by Pat Moran
Tremont Music Hall
May 3, 2013
I played Dracula at a year round haunted house in Orlando called Terror on Church Street. As you might guess, my co-workers were goth kids, enamored with Bauhaus and all its demon spawn, but that's not what turned me on to Murphy and his unearthly crew. My job was to jump out of a coffin and scare tourists. After my first impact, I would duck behind the set, making a beeline to a mechanical lift while the spooked patrons wound through a dark labyrinth. Cutting my victims off at the pass, I'd switch on a light, hit the lift and soar straight up the wall. I was continually surprised by the stunning effect this goofy bit of fairground stagecraft had on the Terror patrons. Grown men wept. Women ran screaming into the darkness banging into the (well padded) walls. People dropped to their knees, pissed themselves and prayed.
Playing Coachella at Bauhaus' last reunion in 2005, Peter Murphy dwarfed my feeble scare tactics. While the band vamped the opening of international goth anthem "Bela Lugosi's Dead," Murphy slid out onstage hanging upside down. Suspended like a huge bat, he sang the song in his trademarked deep sepulchral croon - all damn 10 minutes of it! It was a grandstanding performance that encapsulates the goth genre that Murphy spawned - sublimely ridiculous and deeply impressive.
Sure goth rock draws on the dark and swoony romance of a bygone Byronic era. True, it trades on fantasy and wish fulfillment. Yet Bauhaus, in music and in presentation, attempted to come to grips with mortality and what it means to be human, walking a fine-art line between perceptiveness and pretension.
Bringing his all-Bauhaus Mr. Moonlight show to the Tremont on Friday, May 3, Murphy didn't do anything as Gotterdammerung as dropping down from the rafters, but he opened with the spare but effective stagecraft that defined the evening's performance. The band played the haunting waltz-time madrigal "King Volcano" in utter darkness, bringing the lights up only at song's end. After that, Murphy, guitarist Mark Gemini Thwaite, bassist Emilio China and drummer Nick Lucero launched an all-out assault, front-loading the set with harder-edged material from Bauhaus' early singles and their first and darkest LP In the Flat Field. At times, the young band's attack was too feedback-laden and ferocious, pummeling where Bauhaus had been precise.
Yet, by the time Murphy launched into "Kick in the Eye," both sound and performance had been tweaked, and the band amped-up the hip-shaking funkiness that is only hinted at in "Kick's" studio recording. The majestic "Silent Hedges" benefited from a swirling prog-rock crescendo, and Murphy picked up an acoustic guitar for the plaintive "All We Ever Wanted Was Everything," leaving the audience enraptured with Bauhaus' prettiest tune.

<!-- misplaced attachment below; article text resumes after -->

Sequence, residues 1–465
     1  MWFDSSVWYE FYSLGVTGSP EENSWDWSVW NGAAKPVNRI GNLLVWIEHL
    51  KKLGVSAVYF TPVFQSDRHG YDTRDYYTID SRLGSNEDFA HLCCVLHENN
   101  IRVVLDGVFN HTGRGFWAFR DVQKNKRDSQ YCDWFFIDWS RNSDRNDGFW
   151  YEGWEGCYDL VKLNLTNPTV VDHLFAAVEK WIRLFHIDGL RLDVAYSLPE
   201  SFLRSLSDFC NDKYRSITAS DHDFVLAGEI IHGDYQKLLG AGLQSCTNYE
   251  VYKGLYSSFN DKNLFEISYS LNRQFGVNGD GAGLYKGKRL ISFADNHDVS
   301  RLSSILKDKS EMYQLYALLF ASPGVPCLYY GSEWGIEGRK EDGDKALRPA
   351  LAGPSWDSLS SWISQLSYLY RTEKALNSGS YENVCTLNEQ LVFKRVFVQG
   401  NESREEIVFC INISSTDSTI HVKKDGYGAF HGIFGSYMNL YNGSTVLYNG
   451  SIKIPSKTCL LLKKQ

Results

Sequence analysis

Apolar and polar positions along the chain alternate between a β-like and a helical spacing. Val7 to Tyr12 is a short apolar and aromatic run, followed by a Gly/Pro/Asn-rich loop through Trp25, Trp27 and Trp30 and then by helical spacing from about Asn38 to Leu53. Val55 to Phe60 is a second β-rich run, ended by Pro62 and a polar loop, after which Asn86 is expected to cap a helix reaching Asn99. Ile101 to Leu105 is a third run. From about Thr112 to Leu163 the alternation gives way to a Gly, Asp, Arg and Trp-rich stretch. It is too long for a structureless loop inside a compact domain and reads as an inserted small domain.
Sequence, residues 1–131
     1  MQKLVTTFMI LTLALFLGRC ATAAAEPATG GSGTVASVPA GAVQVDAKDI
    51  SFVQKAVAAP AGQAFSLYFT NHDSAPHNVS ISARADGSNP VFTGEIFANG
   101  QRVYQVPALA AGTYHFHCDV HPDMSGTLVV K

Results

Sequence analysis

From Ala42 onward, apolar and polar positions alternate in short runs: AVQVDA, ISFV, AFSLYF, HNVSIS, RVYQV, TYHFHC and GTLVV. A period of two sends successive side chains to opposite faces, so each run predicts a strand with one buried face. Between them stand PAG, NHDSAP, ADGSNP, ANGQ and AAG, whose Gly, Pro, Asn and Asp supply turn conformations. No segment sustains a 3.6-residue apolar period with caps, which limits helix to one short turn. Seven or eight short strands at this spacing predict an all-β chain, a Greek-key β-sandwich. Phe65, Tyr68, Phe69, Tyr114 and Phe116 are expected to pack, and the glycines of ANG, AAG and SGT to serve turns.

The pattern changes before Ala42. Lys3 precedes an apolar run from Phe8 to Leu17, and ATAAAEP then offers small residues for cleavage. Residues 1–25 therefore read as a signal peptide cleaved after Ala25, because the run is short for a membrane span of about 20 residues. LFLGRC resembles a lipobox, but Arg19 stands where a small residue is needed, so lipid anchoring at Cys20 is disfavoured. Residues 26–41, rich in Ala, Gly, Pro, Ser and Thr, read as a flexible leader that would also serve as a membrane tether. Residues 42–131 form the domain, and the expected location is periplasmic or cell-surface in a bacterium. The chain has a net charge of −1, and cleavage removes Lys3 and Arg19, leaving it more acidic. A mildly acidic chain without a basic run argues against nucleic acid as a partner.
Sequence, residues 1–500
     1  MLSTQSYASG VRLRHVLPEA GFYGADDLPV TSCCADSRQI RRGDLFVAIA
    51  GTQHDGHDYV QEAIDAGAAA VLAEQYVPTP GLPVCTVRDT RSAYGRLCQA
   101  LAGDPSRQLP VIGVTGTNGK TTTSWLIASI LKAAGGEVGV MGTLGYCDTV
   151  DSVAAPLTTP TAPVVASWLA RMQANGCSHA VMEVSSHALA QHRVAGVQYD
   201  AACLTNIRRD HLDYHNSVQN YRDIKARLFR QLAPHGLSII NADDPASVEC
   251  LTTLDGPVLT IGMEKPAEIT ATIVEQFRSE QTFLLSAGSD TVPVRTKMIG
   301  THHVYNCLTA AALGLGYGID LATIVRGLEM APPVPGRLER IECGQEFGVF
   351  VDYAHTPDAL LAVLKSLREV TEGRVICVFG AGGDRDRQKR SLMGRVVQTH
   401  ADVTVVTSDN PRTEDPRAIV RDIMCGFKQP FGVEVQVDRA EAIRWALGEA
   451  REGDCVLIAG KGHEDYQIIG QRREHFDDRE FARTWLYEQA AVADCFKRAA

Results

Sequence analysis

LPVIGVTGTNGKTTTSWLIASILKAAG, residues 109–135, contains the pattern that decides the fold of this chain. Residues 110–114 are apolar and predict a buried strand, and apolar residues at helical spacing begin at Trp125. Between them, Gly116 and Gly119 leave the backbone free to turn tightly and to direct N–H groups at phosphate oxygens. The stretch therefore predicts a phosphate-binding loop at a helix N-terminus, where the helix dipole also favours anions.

Musically, Bauhaus is unlike the goth and industrial bands they influenced. Murphy and his former band-mates were artsy, experimental post-punks, and their repertoire married goth's stereotypical jagged chords and roiling basslines with musique concrete, No Wave skronk and soaring classicism. Happily, Murphy's hired guns did ample justice to Bauhaus' legacy.
At 55, Murphy looks his age, but he seems sturdy and healthy, and his face retains its sculpted unearthly beauty. At first, Murphy's movements were spare. Where once he swanned like movie queen Loretta Young flouncing down a grand staircase, Murphy began the set strutting like a leather-jacketed peacock.
As the show progressed, Murphy didn't loosen up so much as ramp it up. By the time he and the band kicked into "The Passion of Lovers," Murphy was whirling like a dervish, unleashing a blood-curdling howl. Using a portable light bar, he illuminated his eyes and those of his players at key dramatic moments, and Murphy dialed-in atmospheric electronic noise on an instrument panel as the band stretched out the opening of "Bela Lugosi" into a sepulchral prick tease. During "The Three Shadows" he indulged in a campy cockney accented quote of David Bowie's "Be My Wife."
For the full-throated encore of Bowie's "Ziggy Stardust," Murphy arched out over the edge of the stage. Arms pinioned like great wings, Murphy gazed at the capacity crowd like a cross between a leering gargoyle and Kate Winslet on the prow of the Titanic.
The biggest surprise of the evening was Murphy's rapport and affection for his band and audience. For someone noted for his over-fed ego - in interviews prior to the Tremont show Murphy trashed Bowie, Iggy Pop and his former Bauhaus band-mates - Murphy seems like a really nice guy. Five numbers into his set, he brought out and praised opening band My Jerusalem, noting that this was the openers' last night on the tour.
Covered in sweat after "The Passion of Lovers," Murphy grabbed a towel not to wipe his face, but that of guitarist Gemini Thwaite. This gentle gesture drew a chorus of "Awwww"s from several women in the audience. Directing the band's volume and performance throughout the evening with precise gestures, Murphy was less imperious conductor than kindly father figure. Who knew that the Godfather of Goth was such a sweetheart?
Above all, the power, passion and precision of Murphy's voice remains undeniable and undimmed by time. Former Bauhaus bassist David J. has noted that it's a voice "that demands attention and always, always gets it." As Friday's show proved, it's attention that Murphy has also earned and deserves. As a performer, Peter Murphy is a seductive entertainer, less Prince of Darkness than pop-art Lord Byron - mad, bad and dangerous to know. God bless him for it.